Cross Site Scripting (XSS) – Explained

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Cross Site Scripting is one of the top dangers in a modern web application. In order to exploit this vulnerability, an attacker has to “inject” malicious javascript code into the site.

According to the owasp top 10 list, XSS is the top 7 vulnerability in today’s web applications. The danger is even greater now that “native” applications are made with javascript (using electron, PhoneGap and other) and running on your local computer.

But why does it work, and how?

In order to exploit this vulnerability, an attacker has to inject malicious javascript code into the website. This usually can happen via a comment, description or similar forms and is possible because of input sanitation.

Now let’s dissect the crucial parts for this vulnerability:

  • JavaScript
  • Input Sanitation


The scripting in Cross Site Scripting actually comes from javascript.

If you’re not familiar with it, here’s a little example of a javascript snippet:

    function x(y){ console.log("hello world"); }

It usually starts with a <script> tag followed by some C- Style syntax. And that is the important part.

Javascript itself can ranger from easy to really hard to wrap your head around, especially when you’re new to the language or programming in general. But as mentioned before, the important part is to inject the <script> tag.

Input Sanitation

Sanitation is crucial to prevent Cross Site Scripting. It basically is a transformation from a dangerous text into a less dangerous one.

So let’s take our<script> tag and turn it into something less harmless – with encoding.


The most common way to sanitize input is encoding. The important encodings for HTML and the web, in general, are listed here.

So if we turn a <script> into a &lt;script&gt; it will still be displayed as <script> but not interpreted as such, so no code can run.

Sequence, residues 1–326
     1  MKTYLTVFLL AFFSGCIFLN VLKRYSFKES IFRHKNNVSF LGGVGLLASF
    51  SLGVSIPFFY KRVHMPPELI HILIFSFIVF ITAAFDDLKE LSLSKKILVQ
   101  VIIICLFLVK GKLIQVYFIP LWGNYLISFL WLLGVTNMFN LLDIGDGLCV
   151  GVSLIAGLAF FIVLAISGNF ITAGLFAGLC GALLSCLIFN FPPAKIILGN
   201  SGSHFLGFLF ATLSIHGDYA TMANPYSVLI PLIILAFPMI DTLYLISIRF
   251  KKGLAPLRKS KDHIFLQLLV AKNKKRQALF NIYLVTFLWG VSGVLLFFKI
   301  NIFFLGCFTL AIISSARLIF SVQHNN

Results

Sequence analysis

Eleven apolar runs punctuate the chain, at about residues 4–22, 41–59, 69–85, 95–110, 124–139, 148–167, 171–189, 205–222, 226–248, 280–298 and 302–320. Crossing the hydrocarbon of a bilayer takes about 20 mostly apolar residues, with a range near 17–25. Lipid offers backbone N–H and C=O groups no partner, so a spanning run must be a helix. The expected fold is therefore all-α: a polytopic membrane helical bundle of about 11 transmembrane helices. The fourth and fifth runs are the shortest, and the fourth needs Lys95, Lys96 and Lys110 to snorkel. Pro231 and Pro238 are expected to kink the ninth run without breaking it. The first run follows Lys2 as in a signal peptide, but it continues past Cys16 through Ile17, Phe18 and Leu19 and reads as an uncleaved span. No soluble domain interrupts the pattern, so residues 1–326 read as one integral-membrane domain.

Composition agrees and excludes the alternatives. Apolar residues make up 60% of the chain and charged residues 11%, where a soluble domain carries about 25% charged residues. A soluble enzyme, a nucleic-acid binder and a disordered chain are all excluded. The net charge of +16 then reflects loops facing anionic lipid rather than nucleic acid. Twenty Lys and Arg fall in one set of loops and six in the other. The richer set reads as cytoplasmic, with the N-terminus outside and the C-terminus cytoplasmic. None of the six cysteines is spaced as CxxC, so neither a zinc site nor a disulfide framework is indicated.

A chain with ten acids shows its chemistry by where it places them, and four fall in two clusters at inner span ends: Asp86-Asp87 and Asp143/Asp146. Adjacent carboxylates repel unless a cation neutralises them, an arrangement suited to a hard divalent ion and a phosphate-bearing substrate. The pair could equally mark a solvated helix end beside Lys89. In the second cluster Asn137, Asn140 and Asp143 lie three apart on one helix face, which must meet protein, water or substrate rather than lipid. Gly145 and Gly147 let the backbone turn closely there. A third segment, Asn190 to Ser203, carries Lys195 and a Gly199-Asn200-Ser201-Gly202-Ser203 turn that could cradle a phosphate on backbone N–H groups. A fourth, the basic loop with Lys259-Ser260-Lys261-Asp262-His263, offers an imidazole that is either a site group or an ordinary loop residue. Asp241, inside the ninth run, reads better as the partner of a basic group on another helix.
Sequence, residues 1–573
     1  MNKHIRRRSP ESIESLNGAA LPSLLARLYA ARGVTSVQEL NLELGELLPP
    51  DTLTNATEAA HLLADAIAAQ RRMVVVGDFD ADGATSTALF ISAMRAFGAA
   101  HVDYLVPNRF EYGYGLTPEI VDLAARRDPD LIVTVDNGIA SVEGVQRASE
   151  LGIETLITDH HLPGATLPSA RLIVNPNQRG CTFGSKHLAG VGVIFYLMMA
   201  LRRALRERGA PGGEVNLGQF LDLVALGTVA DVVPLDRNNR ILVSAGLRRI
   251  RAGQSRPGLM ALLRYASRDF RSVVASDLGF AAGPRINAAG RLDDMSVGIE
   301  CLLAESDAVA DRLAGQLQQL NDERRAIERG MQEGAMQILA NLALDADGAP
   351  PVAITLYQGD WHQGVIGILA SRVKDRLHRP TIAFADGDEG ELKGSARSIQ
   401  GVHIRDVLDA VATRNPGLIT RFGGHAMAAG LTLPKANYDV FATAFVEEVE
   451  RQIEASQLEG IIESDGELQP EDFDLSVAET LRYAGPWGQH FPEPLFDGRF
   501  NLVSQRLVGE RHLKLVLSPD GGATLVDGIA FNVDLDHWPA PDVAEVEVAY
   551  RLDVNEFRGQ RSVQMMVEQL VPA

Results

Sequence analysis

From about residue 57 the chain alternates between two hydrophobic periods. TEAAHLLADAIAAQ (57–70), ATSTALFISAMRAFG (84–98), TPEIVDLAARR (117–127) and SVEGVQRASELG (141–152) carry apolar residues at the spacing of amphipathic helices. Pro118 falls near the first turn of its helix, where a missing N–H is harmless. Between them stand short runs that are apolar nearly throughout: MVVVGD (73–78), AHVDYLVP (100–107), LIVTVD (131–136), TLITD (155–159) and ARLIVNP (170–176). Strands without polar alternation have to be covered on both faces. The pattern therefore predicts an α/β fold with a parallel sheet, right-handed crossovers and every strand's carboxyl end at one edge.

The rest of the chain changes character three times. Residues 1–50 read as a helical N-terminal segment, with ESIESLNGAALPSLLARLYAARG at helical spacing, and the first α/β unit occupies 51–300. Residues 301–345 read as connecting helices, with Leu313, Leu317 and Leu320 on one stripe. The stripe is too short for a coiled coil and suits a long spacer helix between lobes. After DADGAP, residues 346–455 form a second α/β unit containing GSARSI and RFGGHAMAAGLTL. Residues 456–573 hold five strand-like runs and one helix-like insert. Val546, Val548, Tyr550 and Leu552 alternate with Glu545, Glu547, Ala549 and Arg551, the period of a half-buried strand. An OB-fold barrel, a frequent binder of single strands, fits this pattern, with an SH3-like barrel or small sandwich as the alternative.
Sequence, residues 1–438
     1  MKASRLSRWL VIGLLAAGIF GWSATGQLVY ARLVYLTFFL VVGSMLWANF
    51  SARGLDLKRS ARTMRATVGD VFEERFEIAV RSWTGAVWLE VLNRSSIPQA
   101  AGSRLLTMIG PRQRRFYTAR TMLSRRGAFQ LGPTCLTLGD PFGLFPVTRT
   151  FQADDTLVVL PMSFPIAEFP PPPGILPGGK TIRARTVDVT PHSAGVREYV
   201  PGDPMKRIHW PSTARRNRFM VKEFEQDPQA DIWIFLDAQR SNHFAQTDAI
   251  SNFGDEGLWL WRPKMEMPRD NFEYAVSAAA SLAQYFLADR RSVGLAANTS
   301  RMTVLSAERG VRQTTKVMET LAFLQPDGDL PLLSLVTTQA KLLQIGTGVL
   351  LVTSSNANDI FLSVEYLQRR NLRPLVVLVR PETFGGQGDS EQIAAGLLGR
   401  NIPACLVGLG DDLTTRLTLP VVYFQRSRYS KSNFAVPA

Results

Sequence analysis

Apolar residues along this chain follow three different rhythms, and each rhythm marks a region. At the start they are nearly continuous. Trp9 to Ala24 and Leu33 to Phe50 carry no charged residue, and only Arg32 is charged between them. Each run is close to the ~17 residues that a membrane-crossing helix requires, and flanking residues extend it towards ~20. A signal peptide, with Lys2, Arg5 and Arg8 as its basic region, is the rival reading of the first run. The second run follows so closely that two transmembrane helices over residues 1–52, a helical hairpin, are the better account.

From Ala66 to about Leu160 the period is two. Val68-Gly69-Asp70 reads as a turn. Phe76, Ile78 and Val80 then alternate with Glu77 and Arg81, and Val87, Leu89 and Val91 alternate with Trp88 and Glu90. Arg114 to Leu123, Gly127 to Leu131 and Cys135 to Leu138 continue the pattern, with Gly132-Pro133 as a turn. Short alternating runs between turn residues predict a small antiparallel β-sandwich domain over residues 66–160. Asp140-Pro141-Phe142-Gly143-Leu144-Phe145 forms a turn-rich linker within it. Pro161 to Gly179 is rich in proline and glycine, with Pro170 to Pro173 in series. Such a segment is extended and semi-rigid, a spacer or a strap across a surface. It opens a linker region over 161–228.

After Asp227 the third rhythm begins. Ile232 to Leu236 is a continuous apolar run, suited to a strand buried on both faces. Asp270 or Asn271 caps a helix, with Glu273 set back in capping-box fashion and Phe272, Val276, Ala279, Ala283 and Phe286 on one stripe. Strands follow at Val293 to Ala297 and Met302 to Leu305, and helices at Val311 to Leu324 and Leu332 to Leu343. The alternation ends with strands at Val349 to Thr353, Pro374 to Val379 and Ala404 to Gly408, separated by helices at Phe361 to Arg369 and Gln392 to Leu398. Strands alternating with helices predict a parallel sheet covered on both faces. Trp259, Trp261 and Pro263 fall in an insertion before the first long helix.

Without the encoding, the script- tag will be interpreted as such and code in it will run.

The Bad News

Most new programmers and coders might not be familiar with this concept when they start out. Even experienced ones can tend to forget. And like that, a bad input sanitation (or none at all) will be implemented in a web app.

The really bad news (for developers, not hackers :P) is, that it is sufficient that just ONE form or input field is not sanitized to perform an XSS.

The Exploit

Now that we understand the basics of this attack – injecting javascript into an unsanitized (or bad sanitized) input field – we just need to apply that knowledge.

Here’s a little gadget for you to play around with. Try to run alert(1); via this input form by applying your knowledge from above.

Remember, you have to inject a <script> tag in normal HTML fashion like you would do when developing javascript.  You can find the full source here.

You can watch some of my XSS Exploit videos to get some inspiration:

Wait, why are you allowing XSS on your site?

Simple: It does no real harm if the “payload” is not stored or reflected.

I won’t be saving your attacks in a database or allow URL parameters to be passed for the form, so you can’t really abuse my website for it. You can only pwn yourself.

Plus it’s illegal to hack, but here I’m giving you the permission to run alert(1); or other not damaging commands.

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